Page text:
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Published on June 9th, 2014 | by Julie Finn

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DIY Re-usable Lunch Bags from Makery, by Kate Smith

DIY Re-Usable Lunch Bag

I don’t know where our lunch bags go. Do you?

Perhaps one is in a child’s backpack that hasn’t been used since last week. Perhaps another is under the other child’s seat in the minivan. The spare one could be in the wash, because one kid spilled her milk in it. The second spare almost certainly got left at the park.

Lunch bags, along with glasses cases, slippers, pincushions, and bookends, are items that I can never seem to have enough of, so the easy tutes for DIY versions of these that make up part of Makery, by Kate Smith (a publicist gave me this book for free), are handy ones to have at my fingertips.

Recently, stymied by this mysterious disappearance of lunch bags and with a full-day field trip on the horizon, I crafted the DIY re-usable lunch bag from Makery. I can be picky about fabrics that I consider food-safe, so instead of the recommended oilcloth, or the stash vinyl that I also briefly considered, I used felted wool from a sweater in my stash (here’s how to felt wool sweaters!), utilizing the sweater’s bottom hem as the top of the bag so that I didn’t have to pink it, but otherwise completing the tutorial as written:

DIY Re-usable Lunch Bag from Makery

I’ve tried creating DIY lunch bags before, but never really ended up satisfied with them. I think what makes me so pleased with this version is the trick for creating defined edges–this method gives the lunch bag structure, and helps it look like a “traditional” lunch bag. Since Makery is British, there are also metric units of measurement (don’t worry–inches are there, too!), which I find SO much easier to follow when I’m attempting to measure something precisely.

There’s no button and loop closure, or velcro closure, etc., which makes the lunch bag extremely versatile. I use a clothespin to close ours at exactly the right level for what I’ve got in them, after folding the tops down, but it’s also possible to fill them to the brim with, say, popcorn, or blueberries, just to head over to the couch for Family Movie Night.

Of course, my felted wool lunch bags don’t wipe down easily like the oilcloth lunch bags from Makery do, but felted wool washes well at any temperature, and it’s absorbent enough that it won’t wick through every spill.

Substituting materials when you follow tutorials and patterns can be tricky; do you ever try this? If you do, do you have any tips for making the process easier? Share them in the Comments!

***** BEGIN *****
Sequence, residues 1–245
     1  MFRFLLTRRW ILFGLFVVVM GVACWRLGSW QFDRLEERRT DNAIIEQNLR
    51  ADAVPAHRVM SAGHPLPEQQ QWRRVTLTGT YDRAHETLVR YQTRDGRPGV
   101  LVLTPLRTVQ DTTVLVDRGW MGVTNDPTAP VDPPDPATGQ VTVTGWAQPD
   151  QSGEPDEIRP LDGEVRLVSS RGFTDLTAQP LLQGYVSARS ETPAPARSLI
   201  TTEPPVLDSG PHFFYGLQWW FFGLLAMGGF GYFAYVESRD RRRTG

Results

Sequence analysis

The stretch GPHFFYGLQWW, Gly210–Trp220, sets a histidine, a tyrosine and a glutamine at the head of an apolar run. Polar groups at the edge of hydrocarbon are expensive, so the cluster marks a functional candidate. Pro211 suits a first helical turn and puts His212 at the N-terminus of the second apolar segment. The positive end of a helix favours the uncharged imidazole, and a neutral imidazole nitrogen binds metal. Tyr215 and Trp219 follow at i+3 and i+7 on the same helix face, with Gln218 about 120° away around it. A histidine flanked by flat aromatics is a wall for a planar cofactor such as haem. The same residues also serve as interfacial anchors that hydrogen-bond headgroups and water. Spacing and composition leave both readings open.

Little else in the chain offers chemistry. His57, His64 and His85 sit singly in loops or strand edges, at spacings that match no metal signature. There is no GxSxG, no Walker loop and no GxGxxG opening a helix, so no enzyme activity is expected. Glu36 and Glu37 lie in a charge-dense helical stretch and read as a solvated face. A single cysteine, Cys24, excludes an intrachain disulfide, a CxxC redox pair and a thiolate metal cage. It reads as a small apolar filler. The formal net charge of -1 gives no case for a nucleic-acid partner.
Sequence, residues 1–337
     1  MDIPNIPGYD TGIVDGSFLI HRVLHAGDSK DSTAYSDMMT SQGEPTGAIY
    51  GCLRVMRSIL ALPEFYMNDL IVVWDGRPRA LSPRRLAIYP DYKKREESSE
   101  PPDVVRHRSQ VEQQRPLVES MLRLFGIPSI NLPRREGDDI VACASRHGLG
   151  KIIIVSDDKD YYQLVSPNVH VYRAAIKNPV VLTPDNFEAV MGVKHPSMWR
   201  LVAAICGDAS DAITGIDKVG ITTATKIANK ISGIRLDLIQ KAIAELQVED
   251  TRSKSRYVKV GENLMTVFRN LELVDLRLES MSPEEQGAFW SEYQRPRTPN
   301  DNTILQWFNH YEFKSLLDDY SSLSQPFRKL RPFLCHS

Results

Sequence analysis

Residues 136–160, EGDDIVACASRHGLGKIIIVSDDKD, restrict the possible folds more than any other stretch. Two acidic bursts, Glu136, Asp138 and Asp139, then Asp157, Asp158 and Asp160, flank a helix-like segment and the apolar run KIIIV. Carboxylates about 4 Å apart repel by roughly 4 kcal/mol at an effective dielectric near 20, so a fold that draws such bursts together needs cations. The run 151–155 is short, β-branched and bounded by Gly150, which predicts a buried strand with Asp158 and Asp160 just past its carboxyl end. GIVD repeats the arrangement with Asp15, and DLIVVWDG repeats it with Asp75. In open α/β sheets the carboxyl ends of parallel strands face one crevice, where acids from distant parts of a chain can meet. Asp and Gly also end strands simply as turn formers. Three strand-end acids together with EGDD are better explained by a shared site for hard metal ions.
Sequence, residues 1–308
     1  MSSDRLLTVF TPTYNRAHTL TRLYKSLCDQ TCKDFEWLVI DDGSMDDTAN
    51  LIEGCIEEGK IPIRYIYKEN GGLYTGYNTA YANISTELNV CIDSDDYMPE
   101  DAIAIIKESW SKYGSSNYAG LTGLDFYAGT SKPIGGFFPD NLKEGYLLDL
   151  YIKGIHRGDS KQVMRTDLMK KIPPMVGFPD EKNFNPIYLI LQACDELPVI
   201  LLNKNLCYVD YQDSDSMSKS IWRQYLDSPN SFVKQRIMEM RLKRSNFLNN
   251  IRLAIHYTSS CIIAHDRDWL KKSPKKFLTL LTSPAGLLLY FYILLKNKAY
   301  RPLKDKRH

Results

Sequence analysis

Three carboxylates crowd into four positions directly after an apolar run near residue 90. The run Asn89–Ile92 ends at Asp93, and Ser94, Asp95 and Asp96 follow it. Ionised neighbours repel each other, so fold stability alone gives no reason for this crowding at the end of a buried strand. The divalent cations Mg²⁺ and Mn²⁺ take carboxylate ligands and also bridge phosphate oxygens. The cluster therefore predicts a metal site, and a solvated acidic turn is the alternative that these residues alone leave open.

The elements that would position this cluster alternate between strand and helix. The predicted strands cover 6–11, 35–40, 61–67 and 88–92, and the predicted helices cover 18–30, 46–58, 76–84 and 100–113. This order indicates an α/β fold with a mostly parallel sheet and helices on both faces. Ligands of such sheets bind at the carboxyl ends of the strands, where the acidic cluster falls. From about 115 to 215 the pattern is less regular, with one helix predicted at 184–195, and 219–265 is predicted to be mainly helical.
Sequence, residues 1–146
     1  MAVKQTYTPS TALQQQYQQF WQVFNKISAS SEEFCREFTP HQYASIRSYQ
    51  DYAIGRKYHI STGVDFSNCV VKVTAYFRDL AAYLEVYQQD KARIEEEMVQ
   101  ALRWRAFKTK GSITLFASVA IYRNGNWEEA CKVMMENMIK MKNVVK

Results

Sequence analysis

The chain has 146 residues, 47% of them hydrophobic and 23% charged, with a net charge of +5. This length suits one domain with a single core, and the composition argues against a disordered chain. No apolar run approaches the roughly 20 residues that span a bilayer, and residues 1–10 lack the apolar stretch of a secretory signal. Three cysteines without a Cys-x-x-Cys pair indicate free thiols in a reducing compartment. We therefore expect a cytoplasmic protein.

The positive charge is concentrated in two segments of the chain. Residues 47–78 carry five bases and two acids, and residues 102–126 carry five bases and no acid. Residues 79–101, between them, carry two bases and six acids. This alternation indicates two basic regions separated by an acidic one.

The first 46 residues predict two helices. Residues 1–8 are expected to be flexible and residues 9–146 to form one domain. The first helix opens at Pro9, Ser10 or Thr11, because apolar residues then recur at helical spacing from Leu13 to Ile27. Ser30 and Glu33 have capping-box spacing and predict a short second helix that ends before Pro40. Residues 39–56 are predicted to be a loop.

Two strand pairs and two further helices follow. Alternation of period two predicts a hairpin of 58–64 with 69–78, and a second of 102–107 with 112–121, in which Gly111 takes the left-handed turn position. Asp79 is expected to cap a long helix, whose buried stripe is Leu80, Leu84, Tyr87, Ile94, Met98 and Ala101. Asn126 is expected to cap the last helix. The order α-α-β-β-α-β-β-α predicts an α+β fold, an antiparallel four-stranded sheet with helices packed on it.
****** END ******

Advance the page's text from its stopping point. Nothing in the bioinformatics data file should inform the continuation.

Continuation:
[I received my copy of Makery for free, because I can't write about a book if I haven't used it to help me destash my felted wool sweater collection.]

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About the Author

I'm a writer, crafter, Zombie Preparedness Planner, and homeschooling momma of two kids who will hopefully someday transition into using their genius for good, not the evil machinations and mess-making in which they currently indulge. I'm interested in recycling and nature crafts, food security, STEM education, and the DIY lifestyle, however it's manifested--making myself some underwear out of T-shirts? Done it. Teaching myself guitar? Doing it right now. Visit my blog Craft Knife for a peek at our very weird handmade homeschool life; my etsy shop Pumpkin+Bear for a truly odd number of rainbow-themed beeswax pretties; and my for links to articles about poverty, educational politics, and this famous cat who lives in my neighborhood.



  • Tequill

    you use what you have on hand and make the most of it. I like your lunchbags and I bet they are better than the oil clothe ones.

  • Tina

    I am really not as educated about different fabric types as I should be. I use whatever I have on hand, but then again, I’m not really great about following tutorials or patterns, so that might be part of any problems I run into :0)

    • http://www.craftknife.blogspot.com Julie Finn

      I know your kiddo can be sensitive to certain things, though–I’m thinking of what tissues did to her nose when she had that cold, poor kid! Does she seem to have any fabric sensitivities? Unfortunately conventional wool, the kind that makes the sweaters that I felt, can be REALLY harshly processed to remove the lanolin (that I’d rather have in wool, frankly). Mind you, I don’t actually know of anyone who’s ever actually expressed a sensitivity to conventional wool…

      • Tina

        Wool doesn’t seem to bother her. In the past I have made her hats and mittens from felted sweaters, and each year I crochet her a hat from wool yarn and so far no issues.

        I’m not sure if it’s the paper aspect of the tissues or the chemicals in them, but yeah, store bought tissues are a big negative in our house.

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